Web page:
Polycystic Ovary Syndrome
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Life Insurance, Critical Illness Cover and Income Protection for people with Polycystic Ovary Syndrome
- Also Known as:Polycystic Ovaries, PCOS, PCO, Stein-Leventhal syndrome
- Linked with:Type 2 diabetes, diabetes in pregnancy, high cholesterol, high blood pressure (hypertension), pre-eclampsia, sleep apnoea, endometrial cancer
- Possible Symptoms:Irregular periods, excess hair (hirsuitism), acne, thinning hair, weight gain
When you apply for Life Insurance, PCOS can be accepted at standard rates if you have no other significant medical declarations and the condition is well controlled. PCOS Life Insurance applications will enquire as to whether you have had a glucose tolerance test or not, and if you have shown any shown any glucose intolerance.
In instances where BMI is high or glucose levels indicate borderline or type 2 diabetes premiums will be subject to a loading.
Critical Illness Cover
Critical Illness Cover for people with PCOS is treat very similarly to Life Insurance, with standard terms possible for those who have no other medical disclosures to make. If there is presence of glucose intolerance or a high BMI then cover may be loaded or not available. Some insurance companies will also ask if you take metformin to control the condition.
Income Protection for people with PCOS is usually not a problem so long as there are no associated complications such as glucose intolerance, a high BMI or high blood pressure.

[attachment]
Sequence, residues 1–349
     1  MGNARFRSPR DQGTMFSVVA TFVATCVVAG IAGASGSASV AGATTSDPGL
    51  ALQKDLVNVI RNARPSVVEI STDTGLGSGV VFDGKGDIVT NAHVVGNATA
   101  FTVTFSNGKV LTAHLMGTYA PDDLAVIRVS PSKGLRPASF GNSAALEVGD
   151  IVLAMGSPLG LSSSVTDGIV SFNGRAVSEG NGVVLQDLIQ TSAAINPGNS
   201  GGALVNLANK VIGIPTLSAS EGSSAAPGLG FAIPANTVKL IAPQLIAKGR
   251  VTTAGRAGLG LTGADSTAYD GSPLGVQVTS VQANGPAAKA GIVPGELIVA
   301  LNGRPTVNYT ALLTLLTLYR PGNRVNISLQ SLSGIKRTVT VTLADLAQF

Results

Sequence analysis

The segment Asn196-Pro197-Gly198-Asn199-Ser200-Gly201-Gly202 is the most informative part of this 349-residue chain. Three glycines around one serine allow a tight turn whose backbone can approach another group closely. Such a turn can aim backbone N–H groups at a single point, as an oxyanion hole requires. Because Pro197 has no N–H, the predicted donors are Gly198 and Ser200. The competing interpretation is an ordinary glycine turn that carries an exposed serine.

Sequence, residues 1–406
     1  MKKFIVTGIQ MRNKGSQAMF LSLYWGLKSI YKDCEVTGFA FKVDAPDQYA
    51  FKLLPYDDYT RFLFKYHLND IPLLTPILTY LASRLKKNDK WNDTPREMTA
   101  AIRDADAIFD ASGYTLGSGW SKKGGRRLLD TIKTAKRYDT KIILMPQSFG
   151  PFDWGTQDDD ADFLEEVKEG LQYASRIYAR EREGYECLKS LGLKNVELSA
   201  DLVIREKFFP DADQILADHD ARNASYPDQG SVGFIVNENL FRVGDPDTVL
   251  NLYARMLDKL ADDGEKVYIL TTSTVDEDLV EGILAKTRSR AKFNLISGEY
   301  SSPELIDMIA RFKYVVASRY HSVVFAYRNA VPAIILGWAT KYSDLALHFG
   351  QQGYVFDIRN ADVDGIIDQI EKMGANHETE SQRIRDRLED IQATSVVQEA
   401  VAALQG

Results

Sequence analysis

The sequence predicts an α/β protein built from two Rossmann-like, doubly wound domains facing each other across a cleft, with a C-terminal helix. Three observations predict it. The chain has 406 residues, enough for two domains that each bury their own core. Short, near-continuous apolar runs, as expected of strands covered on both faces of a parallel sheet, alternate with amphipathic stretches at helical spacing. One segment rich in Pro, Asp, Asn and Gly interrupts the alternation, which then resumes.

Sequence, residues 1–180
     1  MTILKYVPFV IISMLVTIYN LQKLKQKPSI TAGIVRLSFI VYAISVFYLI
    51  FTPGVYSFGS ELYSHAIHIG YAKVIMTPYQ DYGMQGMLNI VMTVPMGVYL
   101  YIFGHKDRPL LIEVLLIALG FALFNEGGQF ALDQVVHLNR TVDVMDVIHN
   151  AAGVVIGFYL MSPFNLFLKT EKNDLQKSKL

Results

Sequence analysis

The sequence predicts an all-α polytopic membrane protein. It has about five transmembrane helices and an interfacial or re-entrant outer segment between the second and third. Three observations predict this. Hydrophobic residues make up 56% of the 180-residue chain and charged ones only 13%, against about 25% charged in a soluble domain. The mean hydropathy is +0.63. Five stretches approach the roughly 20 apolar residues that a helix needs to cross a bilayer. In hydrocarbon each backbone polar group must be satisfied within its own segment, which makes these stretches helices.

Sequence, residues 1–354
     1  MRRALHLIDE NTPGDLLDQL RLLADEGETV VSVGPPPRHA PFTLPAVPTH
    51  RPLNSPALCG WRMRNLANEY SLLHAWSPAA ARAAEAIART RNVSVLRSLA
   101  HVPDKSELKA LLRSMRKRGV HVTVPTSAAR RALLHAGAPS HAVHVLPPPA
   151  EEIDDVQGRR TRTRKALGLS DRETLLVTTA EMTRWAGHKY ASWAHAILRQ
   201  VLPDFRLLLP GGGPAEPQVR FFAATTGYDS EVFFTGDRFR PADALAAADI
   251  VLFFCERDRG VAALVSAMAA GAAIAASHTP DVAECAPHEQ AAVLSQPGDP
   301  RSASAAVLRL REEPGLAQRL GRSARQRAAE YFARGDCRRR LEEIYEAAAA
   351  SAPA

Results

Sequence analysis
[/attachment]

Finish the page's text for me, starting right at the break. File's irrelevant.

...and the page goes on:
It is recommended that you speak to an adviser before purchasing any Income Protection policy as the difference between providers can be quite extreme with polycystic ovary syndrome.
Polycystic Ovary Syndrome & Travel Insurance
Are you going off on holiday? We have teamed up with a specialist broker, who can help you understand the ins and outs of travel insurance when you have PCOS. To find out more, click here.
Polycystic ovary syndrome is diagnosed when a woman has at least two of the following conditions: polycystic ovaries, elevated levels of testosterone and have little to no ovulation. Polycystic ovaries are often larger than average and contain cysts that are unable to regularly release eggs during the menstrual cycle, if at all. PCOS is linked to resistance to insulin, hormone imbalance and a genetic predisposition to the condition.
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